Over the past few years, consumer attitudes and expectations regarding privacy and data security have changed, influenced by a profusion of new data breaches, an increase in online shopping and the momentum around remote work.
A recent survey indicates that more than 50% of consumers are uncomfortable with the data companies collect due to opaque data collection practices. Consumers want to know why their data is collected, how it will be protected, and whether or not there is a fair value exchange.
While stringent data management puts new pressures on businesses, companies that go beyond compliance and put data privacy first can gain a competitive advantage, maintain digital trust, prevent breaches and improve brand value.
Data Privacy: Good for Business
Businesses can tangibly benefit from data privacy strategies. 97% of brands identified at least one benefit from investing in data privacy, and 75% of brands report at least two positive results from increased data privacy measures.
- Competitive advantage: In the years to come, transparency and accountability around data collection and protection will serve as competitive differentiators for brands. Consumers want to know what’s going on with their data. By telling them, you build trust, which is fundamental to business growth and success.
- Building digital trust: The level of trust established through transparency can be statistically significant and have a direct impact on revenue. For example, research shows that sales teams experience fewer delays in the sales cycle when customer data privacy concerns are addressed. Offers concluded until two weeks faster when buyers have felt comfortable with data privacy practices.
- Prevent violations: Among organizations that have invested in privacy and compliance, fewer data records have been affected as a result of breaches than would otherwise have been the case. Additionally, when breaches did occur, overall breach costs were lower than they would have been without strong data protections.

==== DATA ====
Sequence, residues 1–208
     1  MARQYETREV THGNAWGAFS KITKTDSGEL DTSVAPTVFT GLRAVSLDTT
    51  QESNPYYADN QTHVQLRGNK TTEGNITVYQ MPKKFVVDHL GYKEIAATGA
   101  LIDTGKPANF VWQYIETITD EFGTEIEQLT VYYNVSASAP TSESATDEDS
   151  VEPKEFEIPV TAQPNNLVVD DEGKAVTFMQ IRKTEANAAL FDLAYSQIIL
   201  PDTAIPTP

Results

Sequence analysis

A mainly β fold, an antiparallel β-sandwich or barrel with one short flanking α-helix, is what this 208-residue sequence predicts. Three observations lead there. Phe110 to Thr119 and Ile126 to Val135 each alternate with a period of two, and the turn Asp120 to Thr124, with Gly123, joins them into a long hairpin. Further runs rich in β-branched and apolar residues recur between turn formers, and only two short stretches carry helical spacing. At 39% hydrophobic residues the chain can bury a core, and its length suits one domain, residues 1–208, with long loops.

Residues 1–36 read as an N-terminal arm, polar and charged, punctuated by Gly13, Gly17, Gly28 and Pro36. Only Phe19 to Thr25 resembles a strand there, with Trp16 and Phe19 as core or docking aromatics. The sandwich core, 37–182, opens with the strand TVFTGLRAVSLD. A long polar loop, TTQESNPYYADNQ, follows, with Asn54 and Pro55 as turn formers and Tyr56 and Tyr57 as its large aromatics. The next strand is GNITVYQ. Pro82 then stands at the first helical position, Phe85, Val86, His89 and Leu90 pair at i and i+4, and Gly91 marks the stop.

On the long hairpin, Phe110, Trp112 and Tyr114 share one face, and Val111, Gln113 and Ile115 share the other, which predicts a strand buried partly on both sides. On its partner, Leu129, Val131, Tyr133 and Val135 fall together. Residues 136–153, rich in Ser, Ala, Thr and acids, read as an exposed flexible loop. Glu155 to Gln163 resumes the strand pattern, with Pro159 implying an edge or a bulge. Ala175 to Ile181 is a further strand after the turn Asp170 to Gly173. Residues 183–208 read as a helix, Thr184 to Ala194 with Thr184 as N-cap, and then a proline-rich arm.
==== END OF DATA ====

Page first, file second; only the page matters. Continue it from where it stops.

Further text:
- Improve brand value: Brands that implement strong data privacy strategies and awareness efforts will strengthen and grow their presence in the market. Customers will seek them out over competitors who obviously don’t prioritize data privacy.
Many companies are leveraging consumer data to gain more comprehensive insights into pain points and emerging consumer needs. The data drives changes to the New Product Development Service and can help personalize advertising, benefiting consumers and businesses. But new consumer expectations can catch businesses off guard. The following strategies can help businesses manage new consumer expectations around data privacy:
- Building a Privacy-Focused Ecosystem: Consider building cross-functional data privacy teams if you don’t already have one, and communicate your data protection policies to consumers.
- Adopt automation solutions: These can allow businesses to do more analytics and gain a wealth of insights with less data.
- Data mapping: This helps organizations record, categorize, and track their consumer data.
- Collect only what you need: Define the data needed to improve products or services. Mitigate security risks by limiting the amount and type of data your organization collects.
- Security against Generation V attacks: When you tell your customers that their data is safe, you mean to tell them that it’s safe from most Advanced threats. To do this, implement Gen V security solutions.
Although consumers have higher expectations for data privacy than ever before, many brands are unprepared for a world without cookies. By integrating more robust data privacy measures into current marketing frameworks, cookies, consumer trust and business growth could co-exist.
do not forget
Data privacy isn’t just a plus. It’s generally good for business. The benefits go beyond simple regulatory compliance and avoidance of lawsuits. Data privacy initiatives work as business enablers and stabilizers. Innovation in data privacy can improve value for businesses and consumers.
Although data privacy maturity is the new norm, it may seem out of reach for fast-growing, marketing-focused businesses. The good news is that simple strategies can help organizations achieve new data privacy goals and objectives. These range from creating a privacy-focused ecosystem to ensuring that recently implemented technologies can protect against Generation V attacks.